2010.11.13 18:01
I'm apologizing in advance.
Then again, paying some people to not add content might just engender lots of discourse as well.
The word I'd use to describe this forum is underwhelming, as in "I want to start a thread called Underwhelming Central, but I'm afraid I'll be yelled at and told there are already a whole bunch of threads like that."

2011.01.08 11:00
"On Criticism" an aggregate thread
...a virtual museum of architecture
collecting
a project
curation
critique
institutional critique, even (perhaps a virtual museum is what a real museum cannot be)
voices
continually reshaped
agendas
globally readable
cado coda
architecture as the delivery of content


2011.04.11 10:22
Ai Weiwei
Are we not now conditioned to see all discontent as an opportunity?
Parenthetically, what is progress without discontent?


2011.07.11 12:03
Question about Charles Jencks' Declaration
"Moreover, its Purist style, its clean, salubrious hospital metaphor, was meant to instill, by good example, corresponding virtues in the inhabitants. Good form was to lead to good content, or at least good conduct; the intelligent planning of abstract space was to promote healthy behavior."
It was indeed such naiveté that "died."
I just happened to have reread the first 15 pages of The Language of Post-Modern Architecture (revised enlarged edition, 1977) last week, and was surprised by how much of Jencks' actual argument has been (irresponsibly?) forgotten.
(My argument is that) Since 15 July 1972, architecture has been in an excessively prolonged period of mourning. The 'fancy-dress' was only part of the beginning. I'll be celebrating the anniversary this Friday via reenactment, of course.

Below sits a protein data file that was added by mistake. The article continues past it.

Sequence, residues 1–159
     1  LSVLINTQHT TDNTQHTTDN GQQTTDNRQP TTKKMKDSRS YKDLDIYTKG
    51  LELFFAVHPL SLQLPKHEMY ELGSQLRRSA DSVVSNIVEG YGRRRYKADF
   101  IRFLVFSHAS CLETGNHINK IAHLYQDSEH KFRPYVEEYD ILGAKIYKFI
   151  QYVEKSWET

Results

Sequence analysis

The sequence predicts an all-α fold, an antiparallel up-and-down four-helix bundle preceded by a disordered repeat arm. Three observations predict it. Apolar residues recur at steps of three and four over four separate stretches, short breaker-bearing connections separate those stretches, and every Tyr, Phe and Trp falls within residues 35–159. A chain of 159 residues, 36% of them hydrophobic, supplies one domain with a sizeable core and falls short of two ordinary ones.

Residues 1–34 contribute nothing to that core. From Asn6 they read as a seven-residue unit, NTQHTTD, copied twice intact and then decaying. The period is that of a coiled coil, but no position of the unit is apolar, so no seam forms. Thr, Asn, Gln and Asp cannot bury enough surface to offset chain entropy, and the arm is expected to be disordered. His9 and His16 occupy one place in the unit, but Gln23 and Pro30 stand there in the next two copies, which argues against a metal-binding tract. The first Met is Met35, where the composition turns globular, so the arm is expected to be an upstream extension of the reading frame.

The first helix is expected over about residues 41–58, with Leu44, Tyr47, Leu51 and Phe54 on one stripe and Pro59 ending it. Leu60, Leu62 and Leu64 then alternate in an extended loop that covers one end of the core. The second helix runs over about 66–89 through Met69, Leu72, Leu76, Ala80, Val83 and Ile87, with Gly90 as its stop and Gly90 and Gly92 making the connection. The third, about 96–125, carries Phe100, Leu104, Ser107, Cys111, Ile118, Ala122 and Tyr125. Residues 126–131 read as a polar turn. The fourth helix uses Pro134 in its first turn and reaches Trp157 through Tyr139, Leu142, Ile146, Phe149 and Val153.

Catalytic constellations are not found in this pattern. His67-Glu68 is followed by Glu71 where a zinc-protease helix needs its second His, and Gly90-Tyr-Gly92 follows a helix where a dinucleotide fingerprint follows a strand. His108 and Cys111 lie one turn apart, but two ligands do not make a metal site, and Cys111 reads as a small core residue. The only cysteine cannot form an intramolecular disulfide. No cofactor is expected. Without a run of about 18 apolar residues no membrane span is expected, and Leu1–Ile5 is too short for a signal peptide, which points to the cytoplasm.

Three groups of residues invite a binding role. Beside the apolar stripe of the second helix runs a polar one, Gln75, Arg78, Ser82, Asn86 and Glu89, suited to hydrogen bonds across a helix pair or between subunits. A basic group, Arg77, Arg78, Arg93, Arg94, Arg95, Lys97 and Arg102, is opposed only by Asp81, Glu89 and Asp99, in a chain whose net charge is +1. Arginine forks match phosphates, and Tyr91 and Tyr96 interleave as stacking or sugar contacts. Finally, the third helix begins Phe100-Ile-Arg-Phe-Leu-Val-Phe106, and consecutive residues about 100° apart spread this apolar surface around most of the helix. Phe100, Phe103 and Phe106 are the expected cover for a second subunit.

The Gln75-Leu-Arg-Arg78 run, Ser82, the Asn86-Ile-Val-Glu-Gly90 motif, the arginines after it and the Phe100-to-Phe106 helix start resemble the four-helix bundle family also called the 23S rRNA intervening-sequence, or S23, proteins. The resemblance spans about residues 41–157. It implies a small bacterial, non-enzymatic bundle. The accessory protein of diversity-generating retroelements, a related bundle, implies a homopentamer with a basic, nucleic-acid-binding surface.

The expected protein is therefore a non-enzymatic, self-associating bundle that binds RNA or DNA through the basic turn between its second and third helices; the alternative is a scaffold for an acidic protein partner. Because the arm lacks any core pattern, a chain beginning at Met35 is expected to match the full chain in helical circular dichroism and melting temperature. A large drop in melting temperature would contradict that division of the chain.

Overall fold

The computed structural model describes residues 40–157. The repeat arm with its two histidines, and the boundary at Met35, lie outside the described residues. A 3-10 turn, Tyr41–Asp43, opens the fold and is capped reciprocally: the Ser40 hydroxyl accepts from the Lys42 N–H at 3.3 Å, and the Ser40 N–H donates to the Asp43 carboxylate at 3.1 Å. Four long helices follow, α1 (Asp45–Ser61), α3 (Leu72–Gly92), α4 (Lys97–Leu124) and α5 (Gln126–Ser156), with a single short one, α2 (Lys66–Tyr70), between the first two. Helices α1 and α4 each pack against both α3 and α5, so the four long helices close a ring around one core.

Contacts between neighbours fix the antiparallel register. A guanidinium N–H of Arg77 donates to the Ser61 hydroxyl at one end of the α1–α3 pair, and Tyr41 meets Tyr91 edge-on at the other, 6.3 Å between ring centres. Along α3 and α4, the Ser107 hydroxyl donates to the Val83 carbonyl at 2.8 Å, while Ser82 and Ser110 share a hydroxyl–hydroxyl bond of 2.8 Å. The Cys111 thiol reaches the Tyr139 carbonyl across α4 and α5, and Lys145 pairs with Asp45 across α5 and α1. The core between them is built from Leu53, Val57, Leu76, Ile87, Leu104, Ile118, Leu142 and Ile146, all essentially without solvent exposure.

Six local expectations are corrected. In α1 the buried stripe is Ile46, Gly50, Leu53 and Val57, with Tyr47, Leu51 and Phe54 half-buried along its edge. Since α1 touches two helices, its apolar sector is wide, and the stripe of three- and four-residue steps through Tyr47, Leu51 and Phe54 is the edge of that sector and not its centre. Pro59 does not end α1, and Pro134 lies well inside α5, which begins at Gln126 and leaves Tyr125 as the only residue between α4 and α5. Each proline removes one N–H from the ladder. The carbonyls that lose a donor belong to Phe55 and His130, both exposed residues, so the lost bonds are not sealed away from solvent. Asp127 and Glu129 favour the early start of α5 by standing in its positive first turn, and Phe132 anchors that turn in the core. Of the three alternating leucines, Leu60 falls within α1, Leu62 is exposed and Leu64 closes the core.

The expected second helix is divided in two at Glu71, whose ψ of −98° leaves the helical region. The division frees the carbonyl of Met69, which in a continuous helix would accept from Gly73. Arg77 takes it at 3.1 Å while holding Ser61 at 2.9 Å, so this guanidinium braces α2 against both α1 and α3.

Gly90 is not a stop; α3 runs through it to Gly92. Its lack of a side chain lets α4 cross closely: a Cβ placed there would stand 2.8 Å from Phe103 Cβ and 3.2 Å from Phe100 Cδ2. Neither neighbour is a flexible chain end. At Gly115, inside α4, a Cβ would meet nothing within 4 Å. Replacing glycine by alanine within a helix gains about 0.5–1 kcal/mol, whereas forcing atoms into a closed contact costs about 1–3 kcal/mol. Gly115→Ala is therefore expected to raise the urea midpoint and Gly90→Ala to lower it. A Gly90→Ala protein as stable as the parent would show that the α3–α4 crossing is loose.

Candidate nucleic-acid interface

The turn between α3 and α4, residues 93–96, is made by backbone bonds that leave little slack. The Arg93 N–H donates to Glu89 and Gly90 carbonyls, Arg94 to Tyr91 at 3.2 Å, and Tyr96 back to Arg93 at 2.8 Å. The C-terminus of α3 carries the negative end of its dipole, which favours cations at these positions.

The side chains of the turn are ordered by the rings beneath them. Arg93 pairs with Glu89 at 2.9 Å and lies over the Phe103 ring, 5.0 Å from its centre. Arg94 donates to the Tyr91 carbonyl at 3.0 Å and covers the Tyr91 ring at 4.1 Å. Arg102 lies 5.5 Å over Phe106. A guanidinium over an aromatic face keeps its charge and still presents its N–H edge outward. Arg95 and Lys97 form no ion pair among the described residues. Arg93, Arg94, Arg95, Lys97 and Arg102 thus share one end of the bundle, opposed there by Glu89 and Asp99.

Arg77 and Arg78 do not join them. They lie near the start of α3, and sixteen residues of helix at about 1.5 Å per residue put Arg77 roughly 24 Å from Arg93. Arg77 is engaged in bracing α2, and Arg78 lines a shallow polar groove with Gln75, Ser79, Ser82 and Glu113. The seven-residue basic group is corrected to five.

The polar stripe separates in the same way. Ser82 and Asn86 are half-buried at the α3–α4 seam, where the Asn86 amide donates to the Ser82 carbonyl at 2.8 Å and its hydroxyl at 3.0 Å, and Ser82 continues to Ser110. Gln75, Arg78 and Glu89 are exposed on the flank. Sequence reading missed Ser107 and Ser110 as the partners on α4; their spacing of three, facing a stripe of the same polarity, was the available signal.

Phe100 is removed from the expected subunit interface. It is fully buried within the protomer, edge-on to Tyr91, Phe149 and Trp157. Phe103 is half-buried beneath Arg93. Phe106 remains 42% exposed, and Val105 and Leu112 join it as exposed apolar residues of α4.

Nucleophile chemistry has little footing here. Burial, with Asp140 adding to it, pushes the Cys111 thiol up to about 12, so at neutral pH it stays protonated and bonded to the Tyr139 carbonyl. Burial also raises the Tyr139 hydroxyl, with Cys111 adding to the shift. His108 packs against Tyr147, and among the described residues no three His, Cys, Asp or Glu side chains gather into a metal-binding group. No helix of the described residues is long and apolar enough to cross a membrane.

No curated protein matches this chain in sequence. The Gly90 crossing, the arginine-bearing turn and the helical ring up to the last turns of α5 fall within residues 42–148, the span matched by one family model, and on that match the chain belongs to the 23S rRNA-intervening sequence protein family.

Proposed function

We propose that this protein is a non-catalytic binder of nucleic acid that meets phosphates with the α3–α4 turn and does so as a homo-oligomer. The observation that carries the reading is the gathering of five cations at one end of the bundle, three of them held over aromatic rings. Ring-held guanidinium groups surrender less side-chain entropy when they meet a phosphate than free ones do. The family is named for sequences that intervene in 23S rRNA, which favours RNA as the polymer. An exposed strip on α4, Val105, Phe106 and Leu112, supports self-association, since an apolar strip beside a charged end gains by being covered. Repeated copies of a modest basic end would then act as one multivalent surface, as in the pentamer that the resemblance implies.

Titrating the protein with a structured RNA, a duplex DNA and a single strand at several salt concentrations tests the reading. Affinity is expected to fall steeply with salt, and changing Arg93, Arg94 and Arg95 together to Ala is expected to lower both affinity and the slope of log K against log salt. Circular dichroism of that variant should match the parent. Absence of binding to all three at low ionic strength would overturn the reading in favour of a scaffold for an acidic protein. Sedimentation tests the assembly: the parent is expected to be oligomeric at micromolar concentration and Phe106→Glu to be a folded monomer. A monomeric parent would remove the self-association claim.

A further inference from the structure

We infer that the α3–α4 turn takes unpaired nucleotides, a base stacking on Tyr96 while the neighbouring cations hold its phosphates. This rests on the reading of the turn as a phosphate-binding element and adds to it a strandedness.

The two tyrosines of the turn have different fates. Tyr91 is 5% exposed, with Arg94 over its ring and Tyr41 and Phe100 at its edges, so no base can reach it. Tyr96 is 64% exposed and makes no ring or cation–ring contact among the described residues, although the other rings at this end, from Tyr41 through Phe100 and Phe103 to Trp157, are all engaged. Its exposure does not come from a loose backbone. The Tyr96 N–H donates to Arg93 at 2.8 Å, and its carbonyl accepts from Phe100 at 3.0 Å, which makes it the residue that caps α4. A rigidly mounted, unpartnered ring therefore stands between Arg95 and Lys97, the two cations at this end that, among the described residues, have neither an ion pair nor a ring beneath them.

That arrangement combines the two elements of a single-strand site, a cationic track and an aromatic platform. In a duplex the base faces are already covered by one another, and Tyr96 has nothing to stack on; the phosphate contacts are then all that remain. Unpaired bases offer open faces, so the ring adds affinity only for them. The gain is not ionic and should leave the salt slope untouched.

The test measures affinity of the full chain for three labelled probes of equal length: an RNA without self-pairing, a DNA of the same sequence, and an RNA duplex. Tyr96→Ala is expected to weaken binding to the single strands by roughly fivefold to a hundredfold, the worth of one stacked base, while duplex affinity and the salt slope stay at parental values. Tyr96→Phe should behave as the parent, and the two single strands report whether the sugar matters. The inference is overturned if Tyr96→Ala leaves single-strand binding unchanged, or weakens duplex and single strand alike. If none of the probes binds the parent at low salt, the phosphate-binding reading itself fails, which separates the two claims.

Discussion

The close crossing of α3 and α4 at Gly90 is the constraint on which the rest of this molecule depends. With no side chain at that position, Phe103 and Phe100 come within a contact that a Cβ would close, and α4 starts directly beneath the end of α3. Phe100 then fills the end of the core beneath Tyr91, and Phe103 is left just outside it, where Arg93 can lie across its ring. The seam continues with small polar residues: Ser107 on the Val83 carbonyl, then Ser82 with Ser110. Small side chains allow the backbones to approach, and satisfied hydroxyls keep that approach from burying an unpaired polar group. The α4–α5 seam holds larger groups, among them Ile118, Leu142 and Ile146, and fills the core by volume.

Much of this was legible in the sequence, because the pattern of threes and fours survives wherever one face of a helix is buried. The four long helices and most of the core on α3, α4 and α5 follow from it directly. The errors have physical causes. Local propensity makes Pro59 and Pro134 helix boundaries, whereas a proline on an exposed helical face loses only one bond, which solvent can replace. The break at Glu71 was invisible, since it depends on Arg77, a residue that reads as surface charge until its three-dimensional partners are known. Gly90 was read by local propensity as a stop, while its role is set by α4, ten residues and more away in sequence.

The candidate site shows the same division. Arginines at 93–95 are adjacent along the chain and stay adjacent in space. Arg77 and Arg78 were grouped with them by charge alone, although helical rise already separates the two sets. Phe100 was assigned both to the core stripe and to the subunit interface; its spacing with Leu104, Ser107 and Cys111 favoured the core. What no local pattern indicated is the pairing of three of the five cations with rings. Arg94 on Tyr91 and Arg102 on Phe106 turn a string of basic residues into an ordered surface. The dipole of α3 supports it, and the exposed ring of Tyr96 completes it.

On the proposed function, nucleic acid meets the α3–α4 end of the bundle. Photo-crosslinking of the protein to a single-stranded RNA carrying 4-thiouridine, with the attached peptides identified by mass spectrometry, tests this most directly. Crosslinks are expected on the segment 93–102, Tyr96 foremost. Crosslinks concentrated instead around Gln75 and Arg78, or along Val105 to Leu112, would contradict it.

2011.07.11 15:19
Question about Charles Jencks' Declaration
It wasn't the Purist aesthetic that died with Pruitt-Igoe, rather the Modernist notion that "good form was to lead to good content, or at least good conduct; the intelligent planning of abstract space was to promote healthy behavior" is what died.
Calling out the implosion of several blocks of the Pruitt-Igoe Housing as an historic event and marker of a paradigm shift was rather astute on Jencks' part. I wonder how many other Modernist projects only 17 years old have succumb to implosion prior to that of Pruitt-Igoe. For sure, many fairly young Modernist projects have been imploded since Pruitt-Igoe, but is Pruitt-Igoe perhaps still the youngest Modernist project to have ever been imploded. And, I wonder, how many housing projects like Pruitt-Igoe have been built since the implosion of Pruitt-Igoe. I'd guess very few if not none in the United States, but perhaps such projects remained (or even still remain) in production in lands under Communist regimes.
I was eye-witness to the world's largest building implosion (the roughly 70 years old Sears Philadelphia Headquarters, 1994). It happened so close to where I lived I walked to see it. What's most striking about a building implosion is the immediate and paradoxical manifestation of absence. Jencks advocated that the ruins of the Pruitt-Igoe implosion should remain as "a great architectural symbol. It should be preserved as a warning." Well, I don't think the ruins were preserved, so all that's left are pictures and absence. I think it's fair to say that the implosion of Pruitt-Igoe left behind a certain absence within Modernist ideology as well


2011.08.25 12:37
herzog & de meuron website